Limits on clearing San Francisco homeless encampments upheld by 9th Circuit

(Eric Risberg/Associated Press)

Limits on clearing San Francisco homeless encampments upheld by 9th Circuit

Homepage News, California Politics

Kevin Rector

January 11, 2024

A court order limiting San Francisco’s ability to clear street encampments of people with nowhere else to go will remain in effect while the lawsuit continues, a federal appeals court ruled Thursday.

The ruling by a three-judge panel of the U.S. 9th Circuit Court of Appeals marked a substantial victory for the Coalition on Homelessness, a progressive advocacy group that secured a preliminary injunction by challenging San Francisco’s encampment clearance policy as fundamentally unjust and illegal in the past. court decisions that protect the rights of homeless people to sleep in public in certain situations.

Thursday’s ruling is the latest decision in a sprawling legal debate over homelessness in the American West and how local jurisdictions can legally address it. The debate has pitted progressive activists and advocacy groups against liberal leaders such as San Francisco Mayor London Breed and Governor. Gavin Newsom, who along with many of their constituents have been frustrated by the spread of encampments in downtown and other neighborhoods since the COVID-19 pandemic began.

The debate has also raised tensions between liberal and conservative judges of the 9th Circuit, including in a separate case from Grants Pass, Ore. that is under consideration by the U.S. Supreme Court.

In its decision Thursday, the 9th Circuit panel declined to consider several arguments in favor of stricter enforcement measures that San Francisco and a coalition of other California cities had raised in recent filings, saying they were not properly manner were argued or substantiated with facts in the documents. lower subdistrict court. However, the justices recognized that the ban only applies to “involuntarily homeless people,” or those who have not been offered alternative housing or shelter by the city, and ordered the lower court to clarify this point.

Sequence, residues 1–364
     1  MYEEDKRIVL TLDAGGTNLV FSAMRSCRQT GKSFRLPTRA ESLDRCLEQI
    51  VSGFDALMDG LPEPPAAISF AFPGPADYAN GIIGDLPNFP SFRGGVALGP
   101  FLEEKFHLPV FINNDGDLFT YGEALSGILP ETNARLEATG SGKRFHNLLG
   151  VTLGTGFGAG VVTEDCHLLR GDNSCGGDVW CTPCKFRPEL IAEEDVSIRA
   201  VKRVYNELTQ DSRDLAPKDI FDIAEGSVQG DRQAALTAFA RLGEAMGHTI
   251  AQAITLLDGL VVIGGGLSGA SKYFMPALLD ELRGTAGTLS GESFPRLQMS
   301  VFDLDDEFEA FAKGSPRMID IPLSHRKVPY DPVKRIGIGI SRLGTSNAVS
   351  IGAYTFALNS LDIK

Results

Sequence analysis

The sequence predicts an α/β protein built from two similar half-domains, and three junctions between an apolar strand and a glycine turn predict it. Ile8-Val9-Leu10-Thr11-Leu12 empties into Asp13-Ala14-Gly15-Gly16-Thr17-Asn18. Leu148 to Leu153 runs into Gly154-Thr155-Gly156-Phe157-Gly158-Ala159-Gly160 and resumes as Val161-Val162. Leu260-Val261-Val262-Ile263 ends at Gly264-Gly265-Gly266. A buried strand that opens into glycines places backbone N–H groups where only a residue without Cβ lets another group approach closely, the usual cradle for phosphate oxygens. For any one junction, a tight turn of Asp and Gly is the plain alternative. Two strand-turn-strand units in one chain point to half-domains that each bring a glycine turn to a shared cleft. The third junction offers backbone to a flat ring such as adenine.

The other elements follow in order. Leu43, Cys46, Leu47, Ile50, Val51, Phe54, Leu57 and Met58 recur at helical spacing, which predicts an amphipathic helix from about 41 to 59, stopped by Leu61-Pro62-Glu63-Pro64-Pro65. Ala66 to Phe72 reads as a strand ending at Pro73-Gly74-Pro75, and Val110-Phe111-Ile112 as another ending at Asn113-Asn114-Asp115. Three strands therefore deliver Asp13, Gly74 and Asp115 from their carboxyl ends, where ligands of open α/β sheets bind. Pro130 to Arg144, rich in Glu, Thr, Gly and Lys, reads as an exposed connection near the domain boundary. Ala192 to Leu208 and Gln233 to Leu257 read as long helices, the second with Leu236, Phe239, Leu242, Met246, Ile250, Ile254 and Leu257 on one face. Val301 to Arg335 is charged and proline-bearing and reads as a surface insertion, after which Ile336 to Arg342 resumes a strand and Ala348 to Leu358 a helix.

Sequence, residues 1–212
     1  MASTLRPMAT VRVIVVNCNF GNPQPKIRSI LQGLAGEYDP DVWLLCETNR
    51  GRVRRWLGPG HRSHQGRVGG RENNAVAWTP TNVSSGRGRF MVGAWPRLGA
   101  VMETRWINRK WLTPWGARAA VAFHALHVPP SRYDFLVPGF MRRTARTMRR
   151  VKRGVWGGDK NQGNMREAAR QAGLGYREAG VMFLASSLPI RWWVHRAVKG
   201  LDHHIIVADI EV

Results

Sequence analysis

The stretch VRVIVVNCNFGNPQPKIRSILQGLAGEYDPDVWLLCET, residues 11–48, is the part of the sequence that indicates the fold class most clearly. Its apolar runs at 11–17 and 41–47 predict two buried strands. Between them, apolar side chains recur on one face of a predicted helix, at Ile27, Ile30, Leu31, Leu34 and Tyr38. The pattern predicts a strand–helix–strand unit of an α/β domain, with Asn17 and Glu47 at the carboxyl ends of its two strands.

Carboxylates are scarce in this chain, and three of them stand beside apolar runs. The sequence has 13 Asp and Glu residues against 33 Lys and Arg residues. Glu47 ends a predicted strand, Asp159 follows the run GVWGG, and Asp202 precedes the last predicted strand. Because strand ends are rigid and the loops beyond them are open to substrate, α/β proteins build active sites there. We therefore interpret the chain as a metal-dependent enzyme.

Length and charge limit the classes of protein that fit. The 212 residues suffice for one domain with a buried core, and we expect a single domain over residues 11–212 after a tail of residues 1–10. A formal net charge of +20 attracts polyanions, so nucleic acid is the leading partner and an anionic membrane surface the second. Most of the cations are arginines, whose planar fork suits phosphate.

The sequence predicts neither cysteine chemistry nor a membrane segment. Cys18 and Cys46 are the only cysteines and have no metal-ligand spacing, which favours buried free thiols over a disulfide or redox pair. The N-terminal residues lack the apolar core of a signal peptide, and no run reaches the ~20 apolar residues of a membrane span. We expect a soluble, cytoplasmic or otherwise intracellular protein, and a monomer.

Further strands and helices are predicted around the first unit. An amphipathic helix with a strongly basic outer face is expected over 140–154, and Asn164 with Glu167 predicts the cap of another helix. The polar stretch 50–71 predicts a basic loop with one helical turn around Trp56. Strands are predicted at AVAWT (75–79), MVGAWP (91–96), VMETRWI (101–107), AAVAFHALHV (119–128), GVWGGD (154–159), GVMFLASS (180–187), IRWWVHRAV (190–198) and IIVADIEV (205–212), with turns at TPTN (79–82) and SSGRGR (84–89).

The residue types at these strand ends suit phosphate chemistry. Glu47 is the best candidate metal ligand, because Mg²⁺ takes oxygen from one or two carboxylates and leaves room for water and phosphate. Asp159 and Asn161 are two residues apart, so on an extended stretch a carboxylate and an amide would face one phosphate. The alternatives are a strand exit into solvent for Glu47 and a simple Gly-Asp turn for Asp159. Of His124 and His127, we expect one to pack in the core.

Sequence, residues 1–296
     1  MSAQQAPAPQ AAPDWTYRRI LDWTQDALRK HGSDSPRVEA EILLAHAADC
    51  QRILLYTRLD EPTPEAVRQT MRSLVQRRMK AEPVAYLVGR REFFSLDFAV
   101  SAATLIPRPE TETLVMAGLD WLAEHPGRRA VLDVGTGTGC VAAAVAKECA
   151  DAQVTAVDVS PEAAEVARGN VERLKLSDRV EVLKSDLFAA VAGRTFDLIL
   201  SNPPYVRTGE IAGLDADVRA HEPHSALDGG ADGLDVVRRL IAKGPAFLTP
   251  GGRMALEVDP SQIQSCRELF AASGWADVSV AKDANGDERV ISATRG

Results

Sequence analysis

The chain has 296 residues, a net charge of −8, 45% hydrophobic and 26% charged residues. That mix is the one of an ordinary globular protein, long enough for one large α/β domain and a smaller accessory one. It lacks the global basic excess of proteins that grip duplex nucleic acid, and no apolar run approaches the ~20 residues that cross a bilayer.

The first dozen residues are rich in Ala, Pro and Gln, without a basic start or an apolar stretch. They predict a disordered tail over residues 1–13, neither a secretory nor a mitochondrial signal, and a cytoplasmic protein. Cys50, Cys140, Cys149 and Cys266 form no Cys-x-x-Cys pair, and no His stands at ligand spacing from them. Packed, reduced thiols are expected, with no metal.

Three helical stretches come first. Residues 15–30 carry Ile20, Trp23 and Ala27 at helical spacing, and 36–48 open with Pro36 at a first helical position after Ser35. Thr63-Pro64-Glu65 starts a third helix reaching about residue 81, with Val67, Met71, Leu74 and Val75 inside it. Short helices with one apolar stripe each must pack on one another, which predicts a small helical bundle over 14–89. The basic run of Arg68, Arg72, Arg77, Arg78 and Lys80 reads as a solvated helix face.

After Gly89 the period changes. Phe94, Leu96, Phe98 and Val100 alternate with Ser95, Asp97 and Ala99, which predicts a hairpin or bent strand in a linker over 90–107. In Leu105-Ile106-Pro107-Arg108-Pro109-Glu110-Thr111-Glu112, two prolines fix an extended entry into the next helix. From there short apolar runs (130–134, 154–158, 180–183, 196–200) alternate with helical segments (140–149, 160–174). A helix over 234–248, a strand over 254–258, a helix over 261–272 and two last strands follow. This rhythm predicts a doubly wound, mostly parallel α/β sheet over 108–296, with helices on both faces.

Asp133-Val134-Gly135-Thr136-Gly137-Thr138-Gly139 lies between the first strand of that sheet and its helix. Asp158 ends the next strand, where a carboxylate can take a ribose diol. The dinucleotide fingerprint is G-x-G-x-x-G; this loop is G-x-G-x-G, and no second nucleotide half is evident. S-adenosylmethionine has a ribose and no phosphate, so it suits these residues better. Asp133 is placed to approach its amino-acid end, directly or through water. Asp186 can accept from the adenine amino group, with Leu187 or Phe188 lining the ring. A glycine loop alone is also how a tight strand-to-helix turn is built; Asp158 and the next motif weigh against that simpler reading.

In recent months, San Francisco has tried to justify its continued activities to clear camps by saying they are occupied by people who have been offered shelter or housing.

The appellate judges also ordered the lower court to specify that the order prohibits the city from “threatening to enforce” the imposed laws but does not preclude the mere presence of police officers near encampments.

John Do, a senior attorney with the ACLU of Northern California who is representing the coalition, said Thursday’s order should ensure that San Francisco continues to ramp up resources and provide shelter and housing for the homeless, rather than simply criminalize poverty.

“It’s a resounding victory,” he said.

Jen Kwart, a spokesperson for San Francisco City Atty. David Chiu said they appreciated that the appeals court “reaffirmed and further clarified that the order only applies to people who are involuntarily homeless, and not to those who have refused an offer of shelter.”

However, Kwart said her office was “disappointed” by the court’s decision not to consider the city’s arguments in the appeal, including around the scope of the restrictions, which she said raised critical legal questions about solving homelessness left unanswered.